20 de marzo de 2008 / 4:40 / en 9 años

UPDATE 1-S.Korea fund may treble foreign stocks to $21 bln

(Adds details, background)

SEOUL, March 20 (Reuters) - The world's fifth-biggest pension fund, South Korea's National Pension Service (NPS), may treble its investments in foreign stocks to nearly $21 billion this year, including buying more chunks of Wall Street banks.

Earlier this month, the NPS said it would invest $300 million in U.S. private equity fund TPG's [TPG.UL] $7 billion fund-raising, joining sovereign wealth funds buying into the U.S. subprime mortgage-hit investment banking sector.

Sovereign wealth fund Korea Investment Corp said in January it was buying $2 billion worth of preferred shares in Merrill Lynch MER.N.

Kim Ho-shik, president of NPS, whose assets look set to double to 415 trillion won ($411 billion) by 2012, said the fund was "carefully considering" adding to its holdings in the U.S. investment banking sector.

"We have a lot of interest in M&As," he told a news briefing, "The financial sector is very promising in the long run."

NPS aims to increase investments in corporate M&A and diversify into overseas assets, prompted by an ageing South Korean population that could face a pension shortfall in coming decades.

Kim said stocks currently represent 13.55 percent of the fund's investment portfolio, a figure the NPS aimed to increase to 17 percent, or potentially 22 percent, by the year-end.

The NPS currently holds around 7 trillion won in foreign shares.

Kim was cautious on the ongoing U.S. credit crisis, saying "problems" in global stock markets could continue for a considerable time.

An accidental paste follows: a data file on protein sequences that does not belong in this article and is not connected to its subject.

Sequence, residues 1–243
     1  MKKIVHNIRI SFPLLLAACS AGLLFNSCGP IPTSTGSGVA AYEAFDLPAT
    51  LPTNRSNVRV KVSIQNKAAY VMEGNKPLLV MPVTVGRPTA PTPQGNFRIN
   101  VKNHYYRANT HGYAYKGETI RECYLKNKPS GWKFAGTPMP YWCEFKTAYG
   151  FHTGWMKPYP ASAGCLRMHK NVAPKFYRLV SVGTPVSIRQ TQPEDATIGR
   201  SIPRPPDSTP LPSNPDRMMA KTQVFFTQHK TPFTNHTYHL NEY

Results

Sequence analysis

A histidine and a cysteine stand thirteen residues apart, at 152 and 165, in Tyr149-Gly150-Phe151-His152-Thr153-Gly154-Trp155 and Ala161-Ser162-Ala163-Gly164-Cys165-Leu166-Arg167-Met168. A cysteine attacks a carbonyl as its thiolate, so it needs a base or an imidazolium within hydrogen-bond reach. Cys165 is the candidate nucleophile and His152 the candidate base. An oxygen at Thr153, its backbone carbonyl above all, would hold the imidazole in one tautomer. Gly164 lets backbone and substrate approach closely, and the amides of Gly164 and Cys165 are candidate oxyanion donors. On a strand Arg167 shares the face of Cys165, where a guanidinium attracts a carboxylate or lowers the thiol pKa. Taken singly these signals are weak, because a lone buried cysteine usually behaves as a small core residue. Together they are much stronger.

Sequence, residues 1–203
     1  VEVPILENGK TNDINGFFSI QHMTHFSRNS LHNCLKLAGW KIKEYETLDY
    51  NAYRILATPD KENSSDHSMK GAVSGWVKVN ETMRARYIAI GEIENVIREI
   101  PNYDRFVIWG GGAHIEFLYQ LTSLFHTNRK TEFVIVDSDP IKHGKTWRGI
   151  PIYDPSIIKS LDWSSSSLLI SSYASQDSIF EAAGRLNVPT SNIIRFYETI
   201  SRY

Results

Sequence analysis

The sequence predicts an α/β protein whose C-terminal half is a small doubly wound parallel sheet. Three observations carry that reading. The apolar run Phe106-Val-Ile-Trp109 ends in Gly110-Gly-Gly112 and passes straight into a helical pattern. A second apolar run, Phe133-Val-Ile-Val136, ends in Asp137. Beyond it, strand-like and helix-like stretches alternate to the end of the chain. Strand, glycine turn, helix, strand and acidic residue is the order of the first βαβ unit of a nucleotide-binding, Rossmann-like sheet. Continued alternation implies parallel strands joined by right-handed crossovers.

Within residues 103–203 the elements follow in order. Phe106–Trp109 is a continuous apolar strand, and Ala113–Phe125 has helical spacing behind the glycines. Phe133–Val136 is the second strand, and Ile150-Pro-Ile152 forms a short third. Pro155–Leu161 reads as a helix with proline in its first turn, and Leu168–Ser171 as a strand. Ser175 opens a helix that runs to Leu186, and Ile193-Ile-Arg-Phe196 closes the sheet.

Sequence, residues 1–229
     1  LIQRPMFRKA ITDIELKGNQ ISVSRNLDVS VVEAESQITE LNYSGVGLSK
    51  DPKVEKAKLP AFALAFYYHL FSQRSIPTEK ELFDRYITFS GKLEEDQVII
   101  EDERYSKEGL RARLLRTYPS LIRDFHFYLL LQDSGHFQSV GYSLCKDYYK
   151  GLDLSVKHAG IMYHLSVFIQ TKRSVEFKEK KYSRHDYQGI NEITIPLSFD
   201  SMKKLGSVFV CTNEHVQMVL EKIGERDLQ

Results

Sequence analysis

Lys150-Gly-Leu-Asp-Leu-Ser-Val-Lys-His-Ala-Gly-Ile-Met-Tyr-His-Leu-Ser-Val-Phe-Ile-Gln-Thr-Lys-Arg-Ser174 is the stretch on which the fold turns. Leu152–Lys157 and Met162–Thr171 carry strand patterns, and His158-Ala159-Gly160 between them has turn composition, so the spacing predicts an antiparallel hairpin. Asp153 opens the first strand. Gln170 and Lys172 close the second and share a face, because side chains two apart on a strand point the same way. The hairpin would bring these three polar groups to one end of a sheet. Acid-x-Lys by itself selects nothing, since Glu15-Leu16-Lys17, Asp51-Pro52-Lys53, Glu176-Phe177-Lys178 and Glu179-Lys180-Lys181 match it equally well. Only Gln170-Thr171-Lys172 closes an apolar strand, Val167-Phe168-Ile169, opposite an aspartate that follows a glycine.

Sovereign wealth funds from Asia and the Middle East have recently spent billions of dollars propping up big Wall Street and European banks hit by the global credit crunch.

But these funds steered clear of this week's deal to rescue Bear Stearns BSC.N, the fifth-largest U.S. investment bank, which JPMorgan Chase & Co. (JPM.N) agreed to buy for just $2 a share. Since building up stakes in big Western banks, the funds have seen banks' share prices drop sharply.

Kim also said the fund would consider investing in state-run Korea Development Bank (KDB) and Woori Finance Holdings 053000.KS once the government issues specific sales plans.

One option, according to local media reports, is for the government to combine KDB, Woori Finance and Industrial Bank of Korea (IBK) (024110.KS), which is owned by the Finance Ministry, into a holding company, creating a financial services firm with $555 billion in assets.

Woori Finance, which runs South Korea's third-largest bank, is 73 percent-owned by the government. ($1=1009.1 Won) (Reporting by Lee Eun-yul, writing by Marie-France Han, Editing by Ian Geoghegan)

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